"Note to self: On Saturday March 15th, order a Caesar salad, lure it into a false sense of security, then stab it 23 times #IdesofMarch"



 Have a great day! 
Love, 
Suz

Monday, March 10, 2014

Am I Too Brown?


My husband almost always looks nice. The clothes he chooses usually go well together and it's only occasionally that I send him back to the closet for a do-over.  But there are times when I realize it's sometimes a challenge for him. Ed said to me yesterday before leaving for the golf course, "Am I too brown?" I had no idea what he meant exactly, so I said in an incredulous  slightly befuddled tone "What are you talking about?!" He pointed to his hat, then his shirt and then his shorts and  said "Brown, brown, Brown." Nothing he had on was brown. He had on a beige hat, a grey shirt and khaki pants. Ed's just a little color blind when it comes to certain subtle shades. Not bad, really, just enough so that there are times when his clothing choices can be a little strange. Although, I am not totally convinced that's because he is color blind or just because he hasn't any real color sense.

Then there was the time when some of us gals were out shopping and my friend Karen was trying on a sweater. It was bright red, like really, really red! She said to me "I love this coral color, don't you?"

Of course I had to argue with her and run around the store to find all the things  that were really coral and show her that the sweater was really red!. When I think of coral, I think of a pinkish orange kind of color, sort of between peach and orange, but never would I confuse it with red. Of course when our other friend Sandy came on the scene, we grilled her to see what she thought coral was and she sided with me, which didn't surprise me. I mean it was very clearly a red sweater!


Then there are my favorite Pinnacle golf balls which I use because they are easier to see in the brightest of morning light when the fairway (or the rough, which is usually where I am) is covered with dew and the sun is low and bright.
I call these balls yellow but my friend Sue calls them green. I have heard others call them green, too, but to me they are clearly yellow and not one bit of green in them at all! Not only do I think they are yellow, it says so on the box!




The question here is something I have actually thought about quite often: Is color a subjective thing? Are we just using words to describe a color based on other things we know of that share the same perceived color? Do some people use the word red to describe something I see as green? As long as we are consistent and describe the tomato as "red" we wouldn't know if we were actually "seeing" the same color, would we?  Little did I know there are groups of scientists who have for centuries been studying the same question. Color realism is being studied in places like MIT and the University of Illinois today trying to answer the same question.

The most popular theory among color scientists currently (did you even know there were such people?):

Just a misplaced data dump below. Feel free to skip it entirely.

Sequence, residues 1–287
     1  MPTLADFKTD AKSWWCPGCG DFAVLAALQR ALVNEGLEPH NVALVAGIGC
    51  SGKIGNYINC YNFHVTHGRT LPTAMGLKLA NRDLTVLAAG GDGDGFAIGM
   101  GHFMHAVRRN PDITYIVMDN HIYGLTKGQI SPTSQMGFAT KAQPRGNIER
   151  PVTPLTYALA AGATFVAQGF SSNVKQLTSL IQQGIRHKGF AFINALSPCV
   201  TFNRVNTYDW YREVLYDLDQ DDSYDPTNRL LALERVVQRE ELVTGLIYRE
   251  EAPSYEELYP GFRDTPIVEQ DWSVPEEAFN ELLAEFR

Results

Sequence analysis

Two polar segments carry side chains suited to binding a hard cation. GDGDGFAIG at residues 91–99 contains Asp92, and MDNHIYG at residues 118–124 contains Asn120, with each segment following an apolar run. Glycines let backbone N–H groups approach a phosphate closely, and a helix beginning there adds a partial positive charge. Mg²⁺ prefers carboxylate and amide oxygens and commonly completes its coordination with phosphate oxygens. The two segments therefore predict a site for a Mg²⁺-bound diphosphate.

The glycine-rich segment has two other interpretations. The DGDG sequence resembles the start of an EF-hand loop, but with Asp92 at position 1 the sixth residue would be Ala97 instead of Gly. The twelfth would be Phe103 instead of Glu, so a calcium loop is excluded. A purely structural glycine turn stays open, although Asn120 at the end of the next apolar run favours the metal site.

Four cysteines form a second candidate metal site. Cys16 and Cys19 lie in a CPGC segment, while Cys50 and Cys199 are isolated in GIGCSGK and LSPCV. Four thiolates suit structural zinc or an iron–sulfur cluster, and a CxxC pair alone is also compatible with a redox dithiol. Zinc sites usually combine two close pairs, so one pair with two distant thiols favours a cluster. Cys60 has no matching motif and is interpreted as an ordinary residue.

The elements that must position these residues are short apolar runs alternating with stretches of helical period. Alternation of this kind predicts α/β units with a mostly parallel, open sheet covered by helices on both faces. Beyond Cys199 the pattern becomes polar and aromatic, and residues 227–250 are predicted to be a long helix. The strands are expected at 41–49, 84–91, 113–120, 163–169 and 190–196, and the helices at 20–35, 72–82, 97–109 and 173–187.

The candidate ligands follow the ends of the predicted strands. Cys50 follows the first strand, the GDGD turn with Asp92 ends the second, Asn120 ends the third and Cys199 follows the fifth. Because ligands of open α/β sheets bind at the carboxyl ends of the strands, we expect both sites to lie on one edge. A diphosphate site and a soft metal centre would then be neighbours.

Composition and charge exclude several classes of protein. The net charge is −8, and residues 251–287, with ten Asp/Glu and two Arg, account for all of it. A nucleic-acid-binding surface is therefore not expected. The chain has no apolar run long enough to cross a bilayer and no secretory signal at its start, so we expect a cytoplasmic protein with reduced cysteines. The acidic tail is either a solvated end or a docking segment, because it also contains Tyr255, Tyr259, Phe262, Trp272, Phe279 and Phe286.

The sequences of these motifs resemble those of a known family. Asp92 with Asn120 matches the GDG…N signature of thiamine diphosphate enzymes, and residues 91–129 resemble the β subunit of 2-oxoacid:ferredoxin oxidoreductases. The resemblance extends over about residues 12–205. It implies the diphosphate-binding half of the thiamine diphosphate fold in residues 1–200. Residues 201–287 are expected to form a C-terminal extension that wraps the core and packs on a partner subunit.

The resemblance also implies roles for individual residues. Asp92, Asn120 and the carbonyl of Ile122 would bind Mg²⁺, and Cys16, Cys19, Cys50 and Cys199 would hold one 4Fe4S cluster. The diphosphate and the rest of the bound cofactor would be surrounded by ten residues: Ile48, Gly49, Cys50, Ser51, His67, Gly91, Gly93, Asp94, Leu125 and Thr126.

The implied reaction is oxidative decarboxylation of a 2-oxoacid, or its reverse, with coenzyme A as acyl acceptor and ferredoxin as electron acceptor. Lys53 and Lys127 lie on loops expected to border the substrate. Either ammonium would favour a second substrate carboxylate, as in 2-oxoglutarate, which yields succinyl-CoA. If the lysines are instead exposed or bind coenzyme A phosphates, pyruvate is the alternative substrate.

"nothing is colored–at least not physical objects in the perceiver's environment, like tomatoes. For example
  [W]e know from psychophysical and neurophysiological investigations that color is created somewhere in the brain, although the exact location of this process is still unknown, and we even have no idea what entities the sensations called color are . . . In short, colors appear only at a first na├»ve glance to be located in objects." (Backhaus & Menzel 1992, p. 28)

And Galileo wrote the following:
"I think that tastes, odors, colors, and so on are no more than mere names so far as the object in which we place them is concerned, and that they reside only in the consciousness. Hence, if the living creatures were removed, all these qualities would be wiped away and annihilated. (Drake 1957, p. 274


As we know, in our eyes there are rods and cones. The rods are sensitive to light but not  so much to color. The cones are all about color. We have between 6 and 7 million of them and they are categorized as blue, green and red. I grew up with a brother who was very color blind. His "cones" were somehow genetically not up to par. It was just another thing that made me feel like men were indeed from Mars.

Although, from what I know about most color blindness, it is passed down by the mother, who is a carrier, to the male child. The cones that perceived red and green are usually most effected in color blindness and that was certainly what my brother had difficulty with. I would say Ed's color blindness is to a much lesser degree than my brother's is. For the most part, Ed is pretty good about knowing red from green, unless the shades are really dark.

So, it's all very interesting, these theories about color and whether we "see" the same thing when we look at a tomato. Or a particular golf outfit.

But solving this problem won't solve how our husbands pick out their clothes. I'm not totally convinced their choices have anything to do with color blindness so much as taste, but that doesn't sound very nice, really.

When I was telling my gal pals about Ed's question before golf yesterday, we all decided our hubbies could use some help in choosing their outfits. We decided we needed some sort of Garanimals for our menfolk.


But the suggestion was we'd call them Grampanimals or Manimals instead. And instead of matching giraffes with giraffes and hippos with hippos, we could use burgers and pizza. Maybe Sports team logos would work, too. Or brunettes and blondes. Or cars...The possibilities are endless! I think we might have to put a call into "Shark Tank".
 
Click Here for a link to Shark Tank


Of course we'd end up sewing in all those tags ourselves, so, maybe not. Maybe we will just keep letting our men, with their faulty cones, continue to come up with new and fascinating combinations. After all, we gals have to have something to talk about!





Have a great day!
Love,
Suz